Portable generators are useful during power outages, however, many homeowners are unaware that the improper use of portable generators can be risky. The most common dangers associated with portable generators are carbon monoxide (CO) poisoning, electrical shock or electrocution, and fire hazards. According to a 2013 Consumer Product Safety Commission report, half of the generator-related deaths happened in the four coldest months of the year, November through February, and portable generators were involved in the majority of carbon monoxide deaths involving engine-driven tools.
December is the peak time of year for home candle fires; the top two days for home candle fires are Christmas and Christmas Eve. Each year between 2013-2017, an average of 7,900 home candle fires were reported each year.
Electrical home fires are a leading cause of home fires in the U.S. Roughly half of all home electrical fires involved electrical distribution or lighting equipment, while nearly another half involved other known types of equipment like washer or dryer fans, and portable or stationary space heaters.
Christmas tree & decoration fires
Carefully decorating your home can help make your holidays safer. Between 2014-2018, U.S. fire departments responded to an average of 160 home fires that started with Christmas trees per year. U.S. fire departments responded to an estimated average of 770 home structure fires per year that began with decorations, excluding Christmas trees.
Christmas tree disposal Christmas trees are combustible items that become increasingly flammable as they continue to dry out in your home. More than one-quarter (29%) of home fires that begin with Christmas trees occur in January. Although Christmas tree fires are not common, when they do occur they’re much more likely to be serious.
A live Christmas tree burn conducted by the U.S. Consumer Product Safety Commission (CPSC) shows just how quickly a dried out Christmas tree fire burns, with flashover occurring in less than one minute, as compared to a well-watered tree, which burns at a much slower rate.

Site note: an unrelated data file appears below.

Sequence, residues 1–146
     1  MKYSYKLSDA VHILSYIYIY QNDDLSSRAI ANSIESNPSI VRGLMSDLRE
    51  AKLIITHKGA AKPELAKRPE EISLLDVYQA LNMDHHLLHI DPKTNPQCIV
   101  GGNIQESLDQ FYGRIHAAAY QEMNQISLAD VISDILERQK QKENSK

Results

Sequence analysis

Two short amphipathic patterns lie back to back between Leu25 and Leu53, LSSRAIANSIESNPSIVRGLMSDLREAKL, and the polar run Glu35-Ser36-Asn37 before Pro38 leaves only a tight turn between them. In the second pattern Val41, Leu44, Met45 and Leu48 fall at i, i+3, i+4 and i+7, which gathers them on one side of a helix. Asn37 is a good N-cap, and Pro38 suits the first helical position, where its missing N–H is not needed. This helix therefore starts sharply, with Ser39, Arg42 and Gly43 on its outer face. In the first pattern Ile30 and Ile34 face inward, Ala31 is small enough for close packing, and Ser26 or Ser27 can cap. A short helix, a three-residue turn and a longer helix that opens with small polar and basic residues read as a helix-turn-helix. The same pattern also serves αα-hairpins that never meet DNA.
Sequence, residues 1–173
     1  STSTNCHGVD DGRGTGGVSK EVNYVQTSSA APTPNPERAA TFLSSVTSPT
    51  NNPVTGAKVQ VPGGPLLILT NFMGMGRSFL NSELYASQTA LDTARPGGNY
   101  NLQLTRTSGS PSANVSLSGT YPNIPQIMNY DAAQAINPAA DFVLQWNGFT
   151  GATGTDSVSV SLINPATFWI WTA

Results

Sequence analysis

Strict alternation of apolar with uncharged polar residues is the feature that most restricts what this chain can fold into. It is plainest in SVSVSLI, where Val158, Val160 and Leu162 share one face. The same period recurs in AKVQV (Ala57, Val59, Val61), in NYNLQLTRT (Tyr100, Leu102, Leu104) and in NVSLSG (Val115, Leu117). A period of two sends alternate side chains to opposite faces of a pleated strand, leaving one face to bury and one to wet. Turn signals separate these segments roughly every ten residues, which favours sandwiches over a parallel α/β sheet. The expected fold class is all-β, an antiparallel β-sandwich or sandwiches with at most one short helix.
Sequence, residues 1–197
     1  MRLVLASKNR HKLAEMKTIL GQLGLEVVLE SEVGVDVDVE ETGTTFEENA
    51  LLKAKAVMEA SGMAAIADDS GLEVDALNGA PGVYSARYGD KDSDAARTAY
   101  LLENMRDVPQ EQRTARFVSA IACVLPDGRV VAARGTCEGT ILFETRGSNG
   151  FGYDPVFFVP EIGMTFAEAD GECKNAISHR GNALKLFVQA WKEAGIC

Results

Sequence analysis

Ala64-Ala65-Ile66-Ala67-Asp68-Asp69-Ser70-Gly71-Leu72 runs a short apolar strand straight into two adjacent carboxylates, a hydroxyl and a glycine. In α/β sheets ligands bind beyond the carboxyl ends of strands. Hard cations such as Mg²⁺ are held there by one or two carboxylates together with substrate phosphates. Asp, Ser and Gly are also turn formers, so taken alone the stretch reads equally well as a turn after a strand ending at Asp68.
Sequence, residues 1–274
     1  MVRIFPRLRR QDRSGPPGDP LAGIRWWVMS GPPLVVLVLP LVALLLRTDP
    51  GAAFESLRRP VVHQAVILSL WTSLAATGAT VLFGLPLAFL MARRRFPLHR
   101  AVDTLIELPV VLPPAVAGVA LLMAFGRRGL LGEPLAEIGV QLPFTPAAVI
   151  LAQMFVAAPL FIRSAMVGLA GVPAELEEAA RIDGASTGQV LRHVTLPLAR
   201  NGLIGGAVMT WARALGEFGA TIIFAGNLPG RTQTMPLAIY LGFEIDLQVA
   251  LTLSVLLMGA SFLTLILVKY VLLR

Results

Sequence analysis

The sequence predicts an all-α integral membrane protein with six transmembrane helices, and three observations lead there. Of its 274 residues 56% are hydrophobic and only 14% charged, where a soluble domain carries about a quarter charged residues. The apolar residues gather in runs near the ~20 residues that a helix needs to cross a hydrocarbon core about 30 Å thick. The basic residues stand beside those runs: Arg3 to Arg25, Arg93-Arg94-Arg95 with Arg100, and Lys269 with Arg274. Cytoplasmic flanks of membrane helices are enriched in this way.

It's time to deck the halls, but follow NFPA's simple safety tips to help keep yourself and your family and friends safer from fire.
NFPA's lovable Dan Doofus shows you how to have a fire-safe holiday with a few simple safety tips.
Smoke Detector Program
The South Beloit Fire Department is helping residents in South Beloit make their families safer from the dangers of smoke and fire thanks to First Alert.
In June, First Alert, the most trusted brand in home safety, launch its "60 Years of Thank Yous" sweepstakes to mark the 60th anniversary of the company's founding. South Beloit Fire Department is one of 60 fire departments randomly selected from hundreds of entrants to win 60 smoke alarms to help with community risk reduction initiatives.
If you are having issues with a smoke detector in your home and it is not an emergency, please call the fire department non-emergency number at 815-389-3097 and we will come to your home with a new smoke detector free of charge. If you smell smoke or see fire, please exit your house immediately and call 911.